The details: 7:30 a.m. Saturday same-day registration begins, 8:30 a.m. warm-up yoga, 9:30 a.m. group photo, 9:45 a.m. race begins, 10 a.m. beer garden opens, music, food trucks, exhibitors; Pioneers Museum, 215 S. Tejon St., $30-$35 can include costume, $25 includes infant costume, free ages 5 and younger but no costumes in this size; 339-4564, thewaldowaldo.com

Something else: Free parking at Antlers Hilton hotel, 4 S. Cascade Ave., must enter from Pikes Peak Avenue or Antlers Place. All other downtown parking garages are $1.

Closure notice: Tejon Street will be closed from Costilla to Cache La Poudre streets. The north half of the route will reopen around 11 a.m. and the street by the Pioneers Museum will reopen around 2 p.m.

Where's Waldo, you ask? He's running a 5K in downtown Colorado Springs.

He and several thousand of his friends, that is. Last year more than 3,100 walkers and runners pulled on their red and white striped tunics and stocking caps and donned the iconic round black spectacles to raise money for the Rocky Mountain Field Institute and Trails and Open Space Coalition.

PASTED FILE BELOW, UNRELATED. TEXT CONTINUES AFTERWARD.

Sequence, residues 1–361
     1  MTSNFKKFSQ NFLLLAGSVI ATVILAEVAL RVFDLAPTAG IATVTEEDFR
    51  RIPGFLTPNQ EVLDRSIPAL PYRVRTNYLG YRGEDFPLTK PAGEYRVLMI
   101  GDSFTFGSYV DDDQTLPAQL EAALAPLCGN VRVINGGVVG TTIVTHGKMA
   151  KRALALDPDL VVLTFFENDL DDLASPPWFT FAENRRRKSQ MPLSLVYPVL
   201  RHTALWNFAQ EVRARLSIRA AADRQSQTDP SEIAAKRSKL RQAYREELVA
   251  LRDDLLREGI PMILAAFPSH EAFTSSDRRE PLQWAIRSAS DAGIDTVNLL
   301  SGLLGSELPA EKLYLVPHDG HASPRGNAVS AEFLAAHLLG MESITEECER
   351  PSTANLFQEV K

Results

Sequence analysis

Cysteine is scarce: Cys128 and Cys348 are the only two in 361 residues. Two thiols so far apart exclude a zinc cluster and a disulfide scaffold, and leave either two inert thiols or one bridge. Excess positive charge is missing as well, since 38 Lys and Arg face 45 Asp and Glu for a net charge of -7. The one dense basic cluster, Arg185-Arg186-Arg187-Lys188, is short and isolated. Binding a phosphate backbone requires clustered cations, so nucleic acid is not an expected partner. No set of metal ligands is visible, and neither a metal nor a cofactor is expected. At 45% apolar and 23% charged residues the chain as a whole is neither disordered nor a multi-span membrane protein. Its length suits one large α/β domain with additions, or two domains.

The fourth annual The Waldo Waldo 5K is Saturday at the Pioneers Museum.

"It's a fun way to engage in the community," says race founder Chelise Foster. "It's fun to be there with thousands of people dressed like you and fun to raise money and feel like it's going back to the community instead of another city."

Over the past three years, the event has raised more than $100,000 for local nonprofits, including RMFI, Trails and Open Space and Pikes Peak Community Foundation. The funds go toward Waldo Canyon restoration, disaster relief, fire recovery, outdoor activities and trails and open space maintenance in the local community.

This year's event will also offer plenty of live music, both at the museum and along the race route, along with a beer garden and food trucks.

"Waldo Canyon has always been near and dear to my heart," Foster says. "It felt like a natural for me to step up and make a positive impact and to do something I felt the community needed."

Because the fire was more than three years ago, she wants to make sure people remember.

"Waldo is out of sight, out of mind now," she says. "People don't realize there's years of recovery necessary."

JENNIFER MULSON, THE GAZETTE, 636-0270, JEN.MULSON@GAZETTE.COM

A&E and features reporter

Load comments